what about the “cheap” Windows 10 product keys sold on the Mysoftwarekeys web site?
      are these legit? sometimes Majorgeeks links to it

      I purchased “key” for upate from home to pro…got a key for complete Pro version.

      pcdstination.com     $58.

      Reads permanent retail on 2 laptops.

      For what its worth….

       

    • #1921518 Reply

      Susan Bradley
      AskWoody MVP

      If it’s too good to be true, it is too good to be true.

      Susan Bradley Patch Lady

      1 user thanked author for this post.
    • #1922753 Reply

      DriftyDonN
      AskWoody Plus

      what about the “cheap” Windows 10 product keys sold on the Mysoftwarekeys web site?
      are these legit? sometimes Majorgeeks links to it

      I purchased “key” for upate from home to pro…got a key for complete Pro version.

      pcdstination.com     $58.

      Reads permanent retail on 2 laptops.

      For what its worth….

       

      OBVIOUS SP ISSUE

      [Edit: Link removed. Please follow the site rules: Software of dubious origin or from inappropriate distributors, key-gens, or similar, are unacceptable]

      Sorry…..

      • This reply was modified 3 weeks, 5 days ago by  DriftyDonN.
      • This reply was modified 3 weeks, 5 days ago by  DriftyDonN. Reason: spelling in url
      • This reply was modified 3 weeks, 5 days ago by  PKCano.
    • #1922785 Reply

      anonymous

      WSjsachs177, some low priced activation key can be legit, others may be “questionable” that they are overflow of a purchased set, and are sold off and some are not legit at all.

      See the below sites. It may help you understand why some may work a year, then stop. It may even be a patch causing it. See the 3rd link offered.

      Cheap Windows 10 Keys: Do They Work?
      https://www.howtogeek.com/392080/cheap-windows-10-keys-do-they-work/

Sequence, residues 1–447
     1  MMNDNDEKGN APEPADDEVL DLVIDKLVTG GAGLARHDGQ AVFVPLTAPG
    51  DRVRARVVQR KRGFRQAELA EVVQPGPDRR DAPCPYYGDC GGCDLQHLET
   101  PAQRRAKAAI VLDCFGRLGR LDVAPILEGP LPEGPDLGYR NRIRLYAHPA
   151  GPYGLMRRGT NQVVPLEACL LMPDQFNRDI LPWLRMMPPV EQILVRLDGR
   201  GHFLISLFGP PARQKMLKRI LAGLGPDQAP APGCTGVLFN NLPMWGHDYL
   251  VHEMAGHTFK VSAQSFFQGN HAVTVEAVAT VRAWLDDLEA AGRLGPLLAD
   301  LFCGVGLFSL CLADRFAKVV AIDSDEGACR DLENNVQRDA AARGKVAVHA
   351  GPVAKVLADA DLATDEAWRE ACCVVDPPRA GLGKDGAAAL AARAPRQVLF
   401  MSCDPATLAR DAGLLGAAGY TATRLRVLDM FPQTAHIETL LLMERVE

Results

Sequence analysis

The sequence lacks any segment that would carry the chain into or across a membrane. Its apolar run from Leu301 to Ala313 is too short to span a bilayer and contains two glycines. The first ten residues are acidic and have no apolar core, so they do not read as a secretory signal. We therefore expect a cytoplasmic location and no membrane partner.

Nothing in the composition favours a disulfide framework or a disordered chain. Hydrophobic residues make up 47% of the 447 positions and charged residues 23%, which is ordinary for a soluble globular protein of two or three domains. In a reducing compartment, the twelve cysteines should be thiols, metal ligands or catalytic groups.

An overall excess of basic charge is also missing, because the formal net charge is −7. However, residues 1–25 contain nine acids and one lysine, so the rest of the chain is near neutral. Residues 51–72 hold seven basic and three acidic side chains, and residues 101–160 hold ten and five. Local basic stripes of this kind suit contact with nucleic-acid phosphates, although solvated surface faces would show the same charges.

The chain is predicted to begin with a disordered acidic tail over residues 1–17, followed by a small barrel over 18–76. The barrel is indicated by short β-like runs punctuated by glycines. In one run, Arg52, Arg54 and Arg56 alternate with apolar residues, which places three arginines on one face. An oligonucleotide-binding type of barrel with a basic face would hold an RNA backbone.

“Microsoft deactivates the keys, and those Windows installations are no longer activated”

      How Does Windows Activation Work?
      https://www.howtogeek.com/182847/htg-explains-how-does-windows-activation-work/

      Activation failures and “not genuine” notifications around January 8, 2019, on volume-licensed Windows 7 KMS clients
      https://support.microsoft.com/en-us/help/4487266/activation-failures-and-not-genuine-notifications-on-vl-win-7-kms-clie
      “Some users may receive the Windows Activation or “Windows is not genuine” notifications starting at or after 10:00 UTC, January 8, 2019.”

      2 users thanked author for this post.
    • #1924268 Reply

      wavy
      AskWoody Plus

      If it’s too good to be true, it is too good to be true.

      What about squatter’s rights ?? 8\

      🍻

      Just because you don't know where you are going doesn't mean any road will get you there.
    • #1928145 Reply

      WSjsachs177
      AskWoody Lounger

      I’ve learned that Microsoft does indeed let people use illegitimate license keys for many months, then deactivates them. I’m pretty sure that is what happened to me. Thus my confidence in a well-established, high-rated seller was unwarranted; Microsoft’s lack of diligence allows dishonest sellers to do business for long periods of time, and gather many happy customers, before license deactivations touch off a chain of events that shuts them down.

      I’ve also learned that Windows 10 is much more friendly to unlicensed users than Windows 7 was. I originally did not intend to use unlicensed software, but everything Microsoft does seems to be pushing me in that direction. I still want to get licenses eventually, but I can get on with business while I figure out what to buy.

      That makes my question less urgent for me than it was. I’m responding to some of the later comments anyway to see if we can move the discussion forward.

      CADesertRat said, “You will need to be more specific about where…” As I said in the original post, I’m shopping on eBay. I don’t think I’ve mentioned any other markets or vendors. (Please, no lectures on the dangers of buying on eBay. I’ve been an active buyer and seller on eBay, on and off, for nearly 20 years. I’d be delighted to get informed comments on the current state of this particular segment of the eBay market, but no one here seems to know about that.)

      Mr. Natural said, “OEM products are intended to be packaged with a new pc purchase and legally must be used only on the pc that was purchased with it. Legally speaking you need to purchase a fully licensed product key.” The first part of that is not entirely true, and the second is not true at all. OEM licenses are good for installation on only one machine, but Microsoft really doesn’t care whether I buy 10,000 of them for 10,000 machines that I’ll sell, or I buy one for a homebrew machine that I’ll use in my basement. (I base this on statements by Microsoft representatives on Microsoft forums.) So if I buy a legitimate OEM license I’ll be fine, legally as well as practically, as long as I abide by its limitations.